Some Wisconsin days develop soothingly, like a deep breath, a sweet segue from the staccato pace of summer, though hints of winter hover on the edges of the trees.
Sunday felt like that for us and we unwrapped her slowly; tea on the front porch of our cabin, church in town, a stroll through the woods, a float down the river, a late Packer game on TV and a glorious sunset.
We finally, finally pulled two kayaks out onto the water, paddled up river for a bit, and then floated comfortably down. A bald eagle flew overhead, turkeys squawked from shore, and ducks practiced their takeoffs and landings on the water around us.
We silenced our cellphones and enjoyed the onomatopoeia music of the woods, a paddle’s steady splash, the lead goose’s bossy honk, the wind’s whisper through the creaking trees.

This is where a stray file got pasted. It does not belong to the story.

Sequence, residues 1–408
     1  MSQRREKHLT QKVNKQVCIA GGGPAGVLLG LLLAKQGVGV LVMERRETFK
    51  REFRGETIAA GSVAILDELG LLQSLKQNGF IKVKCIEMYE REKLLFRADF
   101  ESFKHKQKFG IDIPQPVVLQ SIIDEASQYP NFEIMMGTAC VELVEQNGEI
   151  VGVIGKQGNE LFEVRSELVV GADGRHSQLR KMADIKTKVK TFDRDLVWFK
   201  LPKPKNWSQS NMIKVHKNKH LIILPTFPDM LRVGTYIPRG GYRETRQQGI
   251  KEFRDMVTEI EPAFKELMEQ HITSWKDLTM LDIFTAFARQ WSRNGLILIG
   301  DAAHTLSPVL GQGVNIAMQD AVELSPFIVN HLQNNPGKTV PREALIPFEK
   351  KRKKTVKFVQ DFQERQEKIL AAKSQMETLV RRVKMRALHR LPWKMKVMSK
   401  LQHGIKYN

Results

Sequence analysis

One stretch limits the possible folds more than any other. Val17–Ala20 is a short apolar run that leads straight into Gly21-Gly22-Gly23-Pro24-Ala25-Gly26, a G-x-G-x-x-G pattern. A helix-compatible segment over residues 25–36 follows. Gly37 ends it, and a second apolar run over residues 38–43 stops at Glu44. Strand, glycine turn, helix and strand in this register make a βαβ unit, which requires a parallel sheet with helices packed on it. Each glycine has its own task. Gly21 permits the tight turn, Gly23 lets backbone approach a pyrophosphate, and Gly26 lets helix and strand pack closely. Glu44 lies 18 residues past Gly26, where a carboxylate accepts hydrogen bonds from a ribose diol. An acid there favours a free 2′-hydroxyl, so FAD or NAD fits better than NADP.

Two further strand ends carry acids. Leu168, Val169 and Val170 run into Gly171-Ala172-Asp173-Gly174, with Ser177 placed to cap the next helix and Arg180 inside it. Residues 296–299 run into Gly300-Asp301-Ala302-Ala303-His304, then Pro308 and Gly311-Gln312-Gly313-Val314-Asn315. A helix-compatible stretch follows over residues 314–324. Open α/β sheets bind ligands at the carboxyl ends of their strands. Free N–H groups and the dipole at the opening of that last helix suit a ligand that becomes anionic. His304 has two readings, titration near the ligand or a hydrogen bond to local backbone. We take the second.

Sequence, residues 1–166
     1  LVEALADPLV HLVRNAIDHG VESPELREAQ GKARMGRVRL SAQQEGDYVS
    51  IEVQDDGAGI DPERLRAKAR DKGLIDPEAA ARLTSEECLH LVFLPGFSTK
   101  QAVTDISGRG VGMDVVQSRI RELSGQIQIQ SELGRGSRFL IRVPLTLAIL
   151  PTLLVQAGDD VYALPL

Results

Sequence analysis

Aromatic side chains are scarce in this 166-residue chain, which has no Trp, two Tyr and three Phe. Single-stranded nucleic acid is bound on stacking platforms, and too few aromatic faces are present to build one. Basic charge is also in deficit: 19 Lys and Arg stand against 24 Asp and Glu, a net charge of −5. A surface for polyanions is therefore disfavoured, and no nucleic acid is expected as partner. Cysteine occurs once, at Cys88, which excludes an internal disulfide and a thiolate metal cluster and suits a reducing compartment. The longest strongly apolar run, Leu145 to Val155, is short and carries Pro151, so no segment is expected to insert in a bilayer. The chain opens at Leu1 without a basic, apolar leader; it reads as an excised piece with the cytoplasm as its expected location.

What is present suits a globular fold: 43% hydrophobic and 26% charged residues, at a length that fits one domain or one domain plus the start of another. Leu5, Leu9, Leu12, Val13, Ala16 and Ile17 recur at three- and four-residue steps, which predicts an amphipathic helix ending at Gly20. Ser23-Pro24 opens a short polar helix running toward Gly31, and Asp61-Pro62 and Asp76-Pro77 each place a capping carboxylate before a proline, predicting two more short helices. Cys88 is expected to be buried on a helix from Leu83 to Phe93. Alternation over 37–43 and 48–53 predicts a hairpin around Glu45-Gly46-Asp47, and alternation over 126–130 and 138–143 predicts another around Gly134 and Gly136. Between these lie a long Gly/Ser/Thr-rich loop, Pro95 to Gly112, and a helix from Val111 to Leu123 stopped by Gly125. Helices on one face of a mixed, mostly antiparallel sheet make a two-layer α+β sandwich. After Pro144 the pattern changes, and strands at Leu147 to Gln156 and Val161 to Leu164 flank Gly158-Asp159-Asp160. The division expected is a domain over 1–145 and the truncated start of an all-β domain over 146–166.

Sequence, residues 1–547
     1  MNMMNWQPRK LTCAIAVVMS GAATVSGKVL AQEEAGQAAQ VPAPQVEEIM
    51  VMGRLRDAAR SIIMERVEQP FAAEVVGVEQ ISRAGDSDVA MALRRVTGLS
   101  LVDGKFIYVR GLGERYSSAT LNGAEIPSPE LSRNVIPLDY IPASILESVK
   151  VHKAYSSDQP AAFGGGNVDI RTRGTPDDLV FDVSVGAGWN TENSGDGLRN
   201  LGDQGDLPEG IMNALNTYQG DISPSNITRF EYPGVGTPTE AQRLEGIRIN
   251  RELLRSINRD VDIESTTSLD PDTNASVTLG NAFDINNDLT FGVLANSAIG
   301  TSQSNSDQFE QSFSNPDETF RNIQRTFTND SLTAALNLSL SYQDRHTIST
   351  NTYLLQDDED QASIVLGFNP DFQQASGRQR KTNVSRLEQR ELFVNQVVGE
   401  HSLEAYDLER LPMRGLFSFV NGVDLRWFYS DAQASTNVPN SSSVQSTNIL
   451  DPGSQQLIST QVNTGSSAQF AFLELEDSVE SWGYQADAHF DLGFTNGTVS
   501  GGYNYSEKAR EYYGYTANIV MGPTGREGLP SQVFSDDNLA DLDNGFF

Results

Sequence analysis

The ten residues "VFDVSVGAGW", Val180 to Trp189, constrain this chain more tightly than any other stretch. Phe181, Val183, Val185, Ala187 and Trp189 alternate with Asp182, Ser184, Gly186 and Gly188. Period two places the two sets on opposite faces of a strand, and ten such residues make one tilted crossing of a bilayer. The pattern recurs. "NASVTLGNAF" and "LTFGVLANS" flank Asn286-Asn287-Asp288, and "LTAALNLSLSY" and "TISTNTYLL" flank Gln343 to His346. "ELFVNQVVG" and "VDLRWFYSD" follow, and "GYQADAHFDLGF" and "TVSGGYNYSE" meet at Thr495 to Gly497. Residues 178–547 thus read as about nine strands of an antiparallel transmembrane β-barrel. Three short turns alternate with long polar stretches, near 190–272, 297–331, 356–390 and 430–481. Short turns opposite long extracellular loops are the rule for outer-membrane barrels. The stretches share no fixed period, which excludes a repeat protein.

We never saw another human, which made me think of Walt Whitman’s Song of Myself (not the whole thing. Our float wasn’t THAT long). Just this stanza:
Loafe with me on the grass, loose the stop from your throat,
Not words, not music or rhyme I want, not custom or lecture, not
even the best,
Only the lull I like, the hum of your valvèd voice.
Whitman may have been writing about his soul, but I like to think of the valved voice of our river and the stories it could tell.
We once looked up from a river float to see a giant buck staring at us, a dignified host tolerant of our shenanigans but ready to lock the door behind us as we floated through his woods.
I used to tell Molly bedtime stories about what happened in the woods near our cabin when we humans had left for the day. They were full of fun-loving baby bears, gentle deer and mischievous ducks. I still wonder what goes on when we shut the gate behind us and head home for the week, though Molly is all grown up and our trail cams have hinted at cycle of life encounters I’d rather not see.
Winter waits on the near end of October, and summer has sadly expired. How lucky for us, then, to get a whole day to stave off worry, turn our faces toward the sun, and let the river’s current carry us a while.